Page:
Available for freelance writing commissions on a variety of subjects including family history, nostalgic Belfast and its famous people, shops, shoppers & shopping, the golden age of Hollywood (esp westerns) and humorous pieces on life's weird and wonderful. Op-eds, columns, non-fiction book reviews too.
firstname.lastname@example.org & @JoeCushnan
Health and safety concerns have seeped into our heads, sometimes for good reason and other times causing overreaction. One day, I was getting ready to go home after a long day, when I received a call from a man, clearly distraught. His voice was a mixture of panic and anger. He said that his family had eaten salmon sandwiches for their tea and his wife and son had found pieces of glass in amongst the fish. I was taken aback. This was a new one on me. After he assured me that his family did not seem to be suffering from any ill affects at this stage, I offered to send someone round to his house to investigate. But he declined, saying that he would bring the remainder of the sandwiches and a newly opened tin of salmon to the shop straight away. I agreed to meet him.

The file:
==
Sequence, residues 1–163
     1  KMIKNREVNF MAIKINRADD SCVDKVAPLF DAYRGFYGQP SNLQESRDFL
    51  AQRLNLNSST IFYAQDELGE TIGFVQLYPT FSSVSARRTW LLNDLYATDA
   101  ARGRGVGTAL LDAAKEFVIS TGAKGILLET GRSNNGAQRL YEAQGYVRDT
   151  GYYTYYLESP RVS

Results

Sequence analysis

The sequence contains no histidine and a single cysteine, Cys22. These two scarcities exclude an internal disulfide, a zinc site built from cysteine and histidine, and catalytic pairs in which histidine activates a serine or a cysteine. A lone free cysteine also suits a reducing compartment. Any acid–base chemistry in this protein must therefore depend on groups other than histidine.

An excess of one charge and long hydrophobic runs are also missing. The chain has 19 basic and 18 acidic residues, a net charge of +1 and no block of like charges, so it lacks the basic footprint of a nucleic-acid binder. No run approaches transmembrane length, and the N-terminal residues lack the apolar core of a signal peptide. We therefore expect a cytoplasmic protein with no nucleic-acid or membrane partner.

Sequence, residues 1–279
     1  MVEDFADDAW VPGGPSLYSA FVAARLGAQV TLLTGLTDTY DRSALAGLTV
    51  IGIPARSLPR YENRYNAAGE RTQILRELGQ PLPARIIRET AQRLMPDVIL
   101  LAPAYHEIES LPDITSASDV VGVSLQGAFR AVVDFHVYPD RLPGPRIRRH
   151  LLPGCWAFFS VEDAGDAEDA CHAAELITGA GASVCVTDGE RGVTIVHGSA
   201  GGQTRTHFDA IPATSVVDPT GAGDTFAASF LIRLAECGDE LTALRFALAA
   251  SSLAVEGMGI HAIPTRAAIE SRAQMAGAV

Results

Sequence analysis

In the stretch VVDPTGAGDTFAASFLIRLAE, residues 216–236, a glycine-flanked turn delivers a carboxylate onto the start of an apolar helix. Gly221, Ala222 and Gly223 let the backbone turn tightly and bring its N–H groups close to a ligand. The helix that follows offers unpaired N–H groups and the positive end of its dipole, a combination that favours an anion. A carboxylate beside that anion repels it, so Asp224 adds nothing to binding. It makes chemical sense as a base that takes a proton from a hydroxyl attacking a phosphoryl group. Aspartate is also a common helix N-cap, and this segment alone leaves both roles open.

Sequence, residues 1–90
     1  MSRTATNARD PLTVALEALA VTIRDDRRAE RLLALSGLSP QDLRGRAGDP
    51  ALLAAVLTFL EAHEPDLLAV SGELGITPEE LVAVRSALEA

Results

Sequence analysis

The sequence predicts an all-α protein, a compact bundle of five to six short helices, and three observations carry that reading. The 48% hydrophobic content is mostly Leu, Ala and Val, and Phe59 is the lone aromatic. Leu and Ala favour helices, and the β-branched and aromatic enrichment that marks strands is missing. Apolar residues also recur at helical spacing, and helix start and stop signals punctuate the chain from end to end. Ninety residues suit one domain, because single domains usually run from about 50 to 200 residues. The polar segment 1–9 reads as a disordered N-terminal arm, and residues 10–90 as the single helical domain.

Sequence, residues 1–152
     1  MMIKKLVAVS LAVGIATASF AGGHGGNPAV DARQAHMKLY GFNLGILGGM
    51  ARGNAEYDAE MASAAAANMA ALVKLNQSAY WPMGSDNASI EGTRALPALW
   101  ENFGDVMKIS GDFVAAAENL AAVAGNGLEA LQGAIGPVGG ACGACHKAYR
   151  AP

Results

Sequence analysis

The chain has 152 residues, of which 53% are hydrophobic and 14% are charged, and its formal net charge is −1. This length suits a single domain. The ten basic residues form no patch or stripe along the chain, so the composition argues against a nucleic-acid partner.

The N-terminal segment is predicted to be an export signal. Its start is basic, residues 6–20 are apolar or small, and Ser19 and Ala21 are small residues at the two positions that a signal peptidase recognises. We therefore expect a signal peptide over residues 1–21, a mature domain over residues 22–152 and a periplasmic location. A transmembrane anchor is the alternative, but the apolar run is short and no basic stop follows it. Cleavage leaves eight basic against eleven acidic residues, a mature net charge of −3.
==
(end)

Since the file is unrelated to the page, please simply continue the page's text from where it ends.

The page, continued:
At his request, we met in a private office and he produced the sandwiches and opened salmon tin. “There,” he pointed, “glass.” I studied the fragments carefully, touching one or two with my finger before using my thumbnail to crush a piece of the glass. I then proceeded to taste the white powder and I could hear the man gasping in disbelief. “What are you doing?” he spluttered. “Oh, just tasting some rock salt,” I said, trying not to sound too smug. “It’s natural in some tins of salmon.” I could see the man’s dreams of compensation drain away with the colour from his face. He coughed a bit and then rushed off to explain things to his anxious family. Later, I reflected that it’s important to stay in tuna with your customers even if some of them act like pilchards.